I think that a spring loaded "floor" with piezo sensors might do the trick... almost busted my knees during the last gig bouncing up and down in the light beam...

Your personal percussion prescription would be a great topic for discussion in the One Person Band Forum.

Extended Guitar

Like many others, I've tried to combine guitar and bass in the same instrument, with varying degrees of success. My most extreme, and most successful, attempt used a Fender Jaguar. I strung it .008, .011, and .014 on the top, with three bass strings on the bottom. Tuning was ADGCEA; though there was a big gap in the middle, chords and scales were just a fourth (or fifth) away from standard tuning.

I put this critter together one afternoon, and just as impulsively took it to a gig that night. It sounded wonderful, even without a bass amplifier. Unfortunately, I broke two high-A (first) strings in one set, so I retired the guitar for the night. Later experiments proved that the short-scale Jaguar could not produce satisfactory bass notes lower than the A of my original experiment, so I reluctantly shelved the idea.

Chuck Zwicky's Solo Looping Rig, though, includes a Steinberger guitar with a range of nearly five octaves.

The Chapman Stick and the Warr Guitar also address the extended range problem successfully.

Novax Custom Guitars also offers expanded-range guitars. Luthier Ralph Novak's fanned-fret instruments offer scale lengths which are several inches/centimeters longer for the lowest-pitched string than for the highest-pitched. He built the eight-string guitar plus bass for Charlie Hunter, and the seventeen-string "Guit-Harp" (actually, a seven-string guitar plus a ten-string zither) designed and played by Philip DeGruy (allowing him to do with one instrument the sort of thing Levi Chen does with guitar plus separate zither).

Timtone Custom Guitars built Ryan's' Eleven String Baritone; this page is a must-see, must-read if you're at all interested in extended guitar.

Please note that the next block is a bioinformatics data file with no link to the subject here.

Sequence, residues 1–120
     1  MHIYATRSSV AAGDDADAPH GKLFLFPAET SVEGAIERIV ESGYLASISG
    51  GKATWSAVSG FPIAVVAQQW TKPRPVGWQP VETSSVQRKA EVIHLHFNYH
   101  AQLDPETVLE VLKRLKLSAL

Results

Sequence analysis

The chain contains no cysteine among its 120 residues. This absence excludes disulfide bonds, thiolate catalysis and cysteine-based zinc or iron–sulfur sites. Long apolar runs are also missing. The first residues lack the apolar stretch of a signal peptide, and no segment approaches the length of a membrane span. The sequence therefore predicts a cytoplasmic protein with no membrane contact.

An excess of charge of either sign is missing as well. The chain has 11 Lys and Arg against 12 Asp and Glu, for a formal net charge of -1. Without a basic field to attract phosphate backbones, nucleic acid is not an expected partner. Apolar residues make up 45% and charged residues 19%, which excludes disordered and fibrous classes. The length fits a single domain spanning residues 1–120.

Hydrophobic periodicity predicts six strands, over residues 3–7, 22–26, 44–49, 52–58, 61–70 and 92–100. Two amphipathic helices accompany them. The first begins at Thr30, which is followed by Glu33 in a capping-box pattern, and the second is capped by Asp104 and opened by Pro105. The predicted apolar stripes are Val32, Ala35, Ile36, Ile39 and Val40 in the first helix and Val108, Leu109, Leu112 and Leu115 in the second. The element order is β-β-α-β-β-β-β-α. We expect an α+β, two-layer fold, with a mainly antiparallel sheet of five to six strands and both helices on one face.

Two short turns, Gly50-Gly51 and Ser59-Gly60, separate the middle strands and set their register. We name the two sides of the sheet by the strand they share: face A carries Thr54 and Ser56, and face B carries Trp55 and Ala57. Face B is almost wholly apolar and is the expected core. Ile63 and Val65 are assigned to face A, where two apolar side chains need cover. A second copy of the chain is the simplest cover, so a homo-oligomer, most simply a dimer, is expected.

Stanley Jordan describes his Tom Blatz 8 string acoustic in glowing terms.

Roland VG-8

Roland allows you to extend the guitar's range electronically, rather than mechanically, with the VG-8 and VG-8EX and the new VG-88. These units, which require the use of a hexaphonic pickup like a MIDI guitar, can perform many of the functions of a MIDI guitar, while offering the numerous benefits of processing the guitar's own sound-- no cumbersome pitch-to-MIDI conversion is required.

This revolutionary processor is the subject of the V-Guitar Online Users Group's extensive VG-8.Com site. It's also the focus of a Connor Freff Chochran interview with Joni Mitchell, in which she explains how the VG-8 made it possible for her to resume performing music.


If you're into DIY live music, you may also be interested in DIY instrument building, recording, and distribution of your music.

Making any kind of musical instrument is fair game for discussion in the Musical Instrument Makers Forum (MIMF)-- acoustic, electric, or electronic, conventional or totally experimental.

While geared toward the recording of concerts, the DAT-heads site appears to be a treasure trove of information about digital audio tape recorders and their maintenence and repair.

I've found insights (and not a little humor) at DIY and at Doing It Yourself (do I hear an echo?).

The one Web site indispensible to anyone with any interest in any form of music technology is Harmony Central.